USB Flash Drive – 2000 AD

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USB Flash Drive

“Inside the typical USB flash drive you’ll find two integrated circuits: a flash memory chip and a Universal Serial Bus (USB) controller. These two different technologies, invented at different times, were paired together by Israeli company M-Systems, which applied for a patent in April 1999. About the size of an adult thumb, the device for US patent 6,148,354 A was described as a “Universal Serial Bus-based PC flash disk.” The patent was issued on November 14, 2000. By that time, USB flash drives were being sold by multiple companies.

To understand the significance of this pairing, it’s useful to understand the function of the two separate technologies from which it derives. The USB is an industry standard for a common connection interface between devices that connect to computers. It was created in the mid-1990s by a consortium of leading technology companies. Flash memory, invented in 1980, is microelectronics that require little power to operate and can retain data with no power at all.

The marriage of USB and flash memory made data portability and offline sharing much easier while increasing the amount of data that could be stored and moved between devices and personal computers. Previously, using removable flash storage required having a special reader—something that most computers didn’t have. But by the year 2000, practically every desktop and laptop computer sold had multiple USB connectors—it had become the standard way for connecting keyboards, mice, printers, and other peripheral devices.

Suddenly any computer could have extra storage that was fast, portable, and didn’t require a power supply. This was a leap in convenience for consumers. For many uses, USB drives instantly replaced floppy disks, writable optical discs, Zip drives, and other storage devices.

The inventor of the USB flash drive remains controversial. While M-Systems had the first patent, IBM filed an invention disclosure by one of its employees who came up with the idea. There were also competing patents from Singaporean company Trek Technology and Chinese company Netac Technology. In 2000, Trek Technology became the first to commercially sell the USB flash drive using the trademarked name ThumbDrive. That same year, IBM was the first to sell the USB flash drive in the US. Called the DiskOnKey, its capacity was 8 megabytes. Today, storage capacity for USB flash drives can exceed” 1000 gigabytes.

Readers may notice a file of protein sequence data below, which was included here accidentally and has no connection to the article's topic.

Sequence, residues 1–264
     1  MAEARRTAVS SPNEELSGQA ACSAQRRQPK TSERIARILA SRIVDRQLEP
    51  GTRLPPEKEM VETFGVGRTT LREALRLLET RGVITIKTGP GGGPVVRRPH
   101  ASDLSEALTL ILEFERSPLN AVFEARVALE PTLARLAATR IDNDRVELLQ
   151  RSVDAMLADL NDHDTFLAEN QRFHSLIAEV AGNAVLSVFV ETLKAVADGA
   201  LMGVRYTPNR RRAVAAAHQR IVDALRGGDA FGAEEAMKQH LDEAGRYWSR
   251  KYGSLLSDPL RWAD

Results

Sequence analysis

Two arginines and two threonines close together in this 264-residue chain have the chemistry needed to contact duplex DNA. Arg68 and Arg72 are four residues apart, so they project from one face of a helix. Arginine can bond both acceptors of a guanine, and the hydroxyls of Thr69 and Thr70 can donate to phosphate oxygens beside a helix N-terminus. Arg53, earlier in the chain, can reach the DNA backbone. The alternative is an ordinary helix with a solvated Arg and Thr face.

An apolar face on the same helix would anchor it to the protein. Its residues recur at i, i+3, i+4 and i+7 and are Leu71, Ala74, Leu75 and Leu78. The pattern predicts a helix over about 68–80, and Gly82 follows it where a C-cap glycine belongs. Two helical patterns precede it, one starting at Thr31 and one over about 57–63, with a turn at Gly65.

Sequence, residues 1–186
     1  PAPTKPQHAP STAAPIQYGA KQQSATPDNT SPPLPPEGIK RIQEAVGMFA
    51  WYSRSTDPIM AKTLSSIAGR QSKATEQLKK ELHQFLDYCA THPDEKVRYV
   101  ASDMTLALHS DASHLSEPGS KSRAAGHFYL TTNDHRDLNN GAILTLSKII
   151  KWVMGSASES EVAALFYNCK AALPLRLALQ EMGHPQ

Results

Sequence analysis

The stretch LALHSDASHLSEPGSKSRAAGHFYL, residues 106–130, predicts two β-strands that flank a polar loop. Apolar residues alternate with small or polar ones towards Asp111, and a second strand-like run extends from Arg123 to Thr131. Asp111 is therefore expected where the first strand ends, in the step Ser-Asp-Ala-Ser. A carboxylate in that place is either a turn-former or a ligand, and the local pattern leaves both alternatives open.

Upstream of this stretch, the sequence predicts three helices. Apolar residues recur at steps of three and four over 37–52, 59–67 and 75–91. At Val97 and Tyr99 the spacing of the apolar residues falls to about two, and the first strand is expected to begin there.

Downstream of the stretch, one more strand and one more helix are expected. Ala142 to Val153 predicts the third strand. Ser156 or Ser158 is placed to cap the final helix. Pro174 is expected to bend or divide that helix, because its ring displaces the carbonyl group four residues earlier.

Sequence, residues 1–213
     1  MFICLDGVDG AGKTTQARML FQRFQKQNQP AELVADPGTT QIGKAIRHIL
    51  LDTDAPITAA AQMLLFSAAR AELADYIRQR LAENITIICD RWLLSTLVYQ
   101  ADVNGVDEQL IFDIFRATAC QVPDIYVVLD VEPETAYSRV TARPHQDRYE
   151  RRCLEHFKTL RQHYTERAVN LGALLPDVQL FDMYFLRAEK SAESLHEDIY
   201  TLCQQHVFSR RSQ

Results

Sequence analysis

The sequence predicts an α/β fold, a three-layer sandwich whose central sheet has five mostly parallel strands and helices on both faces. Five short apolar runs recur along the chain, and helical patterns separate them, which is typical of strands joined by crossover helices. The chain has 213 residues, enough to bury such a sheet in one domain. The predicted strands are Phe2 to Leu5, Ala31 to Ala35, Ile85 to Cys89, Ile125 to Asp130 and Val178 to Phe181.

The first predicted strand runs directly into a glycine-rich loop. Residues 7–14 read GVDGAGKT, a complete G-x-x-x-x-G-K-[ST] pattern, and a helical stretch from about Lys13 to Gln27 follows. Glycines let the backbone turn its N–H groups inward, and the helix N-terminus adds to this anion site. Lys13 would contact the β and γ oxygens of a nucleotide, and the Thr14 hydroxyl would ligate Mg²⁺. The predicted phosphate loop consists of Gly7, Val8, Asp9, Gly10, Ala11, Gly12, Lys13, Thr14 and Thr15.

SEE ALSO: Flash Memory (1980), Universal Serial Bus (USB) (1996)

Most USB flash drives consists of just two chips: a flash memory chip that stores the data, and a microcontroller that transfers data between the USB interface and the flash chip.

Fair Use Sources: B07C2NQSPV

Ban, Amir, Dov Moran, and Oron Ogdan. Architecture for a universal serial bus-based PC flash disk. US Patent 6,148,354, filed April 5, 1999, and issued November 14, 2000.

Buchanan, Matt. “Object of Interest: The Flash Drive.” New Yorker online, June 14, 2013.

History Software Engineering

Flash Memory – 1980 AD

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Flash Memory

Fujio Masuoka (b. 1943)

Flash memory was invented in 1980 by Fujio Masuoka, then an employee at Toshiba Corporation in Japan. Masuoka and his small team were trying to create memory that retained data in the absence of a power source, functioned as a solid-state device rather than a mechanical disc, and could store a lot of data at an affordable price (unlike magnetic cores). It would be four years before he was able to present his work to the broader semiconductor industry at an IEEE meeting in San Francisco.

It would take another two decades before flash would dominate the market for portable storage. In the meantime, there were all kinds of experiments in portable digital media, including Digital Audio Tape (DAT), MiniDiscs, and even tiny hard drives the size of matchbooks. All of these systems were mechanical, which made them subject to shock and vibration, impacted their reliability, and put constraints on their size and capacity.

Flash, in contrast, relied on the same basic semiconductor fabrication techniques that were used to create microprocessors and other integrated circuits. Each year the flash chips got smaller, cheaper, and faster, and increased in capacity. The invention of flash memory has made possible a whole range of new mobile devices, including smartphones, MP3 players, digital cameras, e-readers, and tablets. These uses had to wait until the price of flash fabrication dropped dramatically in the late 1990s.

Flash has also proven to be amazingly flexible. Individual chips can be soldered directly onto printed circuit boards like any other chip during manufacturing. Removable flash can be packaged first into CompactFlash® (CF) cards, and then into Secure Digital (SD) cards, which saw their capacity increase from 1 megabyte to 2 terabytes (a factor of 2,000) between 1999 and 2017.

Flash memory has also been integrated into simple, handheld devices with another technology—the Universal Serial Bus (USB)—creating portable storage devices that can be used with laptops, desktops, and other devices that do not have flash memory readers.

SEE ALSO USB Universal Serial Bus (USB) (1996), USB Flash Drive (2000)

A microphotograph of an MX25U4035Z 4-mebibit serial flash unit; the flash storage is the area on the left, while the control logic is on the right.

Fair Use Source: B07C2NQSPV